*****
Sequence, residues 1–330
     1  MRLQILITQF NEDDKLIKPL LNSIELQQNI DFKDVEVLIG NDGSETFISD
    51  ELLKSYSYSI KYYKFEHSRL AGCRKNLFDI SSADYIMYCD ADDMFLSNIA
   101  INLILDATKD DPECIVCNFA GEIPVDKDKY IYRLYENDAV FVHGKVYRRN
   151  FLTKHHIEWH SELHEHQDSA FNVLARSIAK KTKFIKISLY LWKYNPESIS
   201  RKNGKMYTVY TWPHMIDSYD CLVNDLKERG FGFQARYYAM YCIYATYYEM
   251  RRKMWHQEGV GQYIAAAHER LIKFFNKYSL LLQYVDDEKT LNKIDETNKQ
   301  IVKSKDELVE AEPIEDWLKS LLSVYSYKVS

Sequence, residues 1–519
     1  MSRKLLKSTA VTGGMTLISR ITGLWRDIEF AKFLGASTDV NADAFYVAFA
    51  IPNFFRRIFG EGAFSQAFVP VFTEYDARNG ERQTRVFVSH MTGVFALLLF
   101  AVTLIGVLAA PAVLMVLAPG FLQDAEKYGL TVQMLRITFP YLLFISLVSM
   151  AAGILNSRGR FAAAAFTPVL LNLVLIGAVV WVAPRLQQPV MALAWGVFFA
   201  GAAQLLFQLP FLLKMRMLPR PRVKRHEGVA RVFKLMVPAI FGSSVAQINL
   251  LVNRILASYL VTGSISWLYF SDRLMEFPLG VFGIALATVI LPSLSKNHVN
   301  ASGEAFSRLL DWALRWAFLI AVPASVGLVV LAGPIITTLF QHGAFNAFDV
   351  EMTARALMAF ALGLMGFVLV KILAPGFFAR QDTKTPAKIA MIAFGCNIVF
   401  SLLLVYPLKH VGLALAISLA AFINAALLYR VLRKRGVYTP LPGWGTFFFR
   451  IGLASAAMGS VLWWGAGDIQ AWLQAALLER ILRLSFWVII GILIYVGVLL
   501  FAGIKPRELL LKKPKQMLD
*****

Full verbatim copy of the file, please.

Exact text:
Sequence, residues 1–330
     1  MRLQILITQF NEDDKLIKPL LNSIELQQNI DFKDVEVLIG NDGSETFISD
    51  ELLKSYSYSI KYYKFEHSRL AGCRKNLFDI SSADYIMYCD ADDMFLSNIA
   101  INLILDATKD DPECIVCNFA GEIPVDKDKY IYRLYENDAV FVHGKVYRRN
   151  FLTKHHIEWH SELHEHQDSA FNVLARSIAK KTKFIKISLY LWKYNPESIS
   201  RKNGKMYTVY TWPHMIDSYD CLVNDLKERG FGFQARYYAM YCIYATYYEM
   251  RRKMWHQEGV GQYIAAAHER LIKFFNKYSL LLQYVDDEKT LNKIDETNKQ
   301  IVKSKDELVE AEPIEDWLKS LLSVYSYKVS

Sequence, residues 1–519
     1  MSRKLLKSTA VTGGMTLISR ITGLWRDIEF AKFLGASTDV NADAFYVAFA
    51  IPNFFRRIFG EGAFSQAFVP VFTEYDARNG ERQTRVFVSH MTGVFALLLF
   101  AVTLIGVLAA PAVLMVLAPG FLQDAEKYGL TVQMLRITFP YLLFISLVSM
   151  AAGILNSRGR FAAAAFTPVL LNLVLIGAVV WVAPRLQQPV MALAWGVFFA
   201  GAAQLLFQLP FLLKMRMLPR PRVKRHEGVA RVFKLMVPAI FGSSVAQINL
   251  LVNRILASYL VTGSISWLYF SDRLMEFPLG VFGIALATVI LPSLSKNHVN
   301  ASGEAFSRLL DWALRWAFLI AVPASVGLVV LAGPIITTLF QHGAFNAFDV
   351  EMTARALMAF ALGLMGFVLV KILAPGFFAR QDTKTPAKIA MIAFGCNIVF
   401  SLLLVYPLKH VGLALAISLA AFINAALLYR VLRKRGVYTP LPGWGTFFFR
   451  IGLASAAMGS VLWWGAGDIQ AWLQAALLER ILRLSFWVII GILIYVGVLL
   501  FAGIKPRELL LKKPKQMLD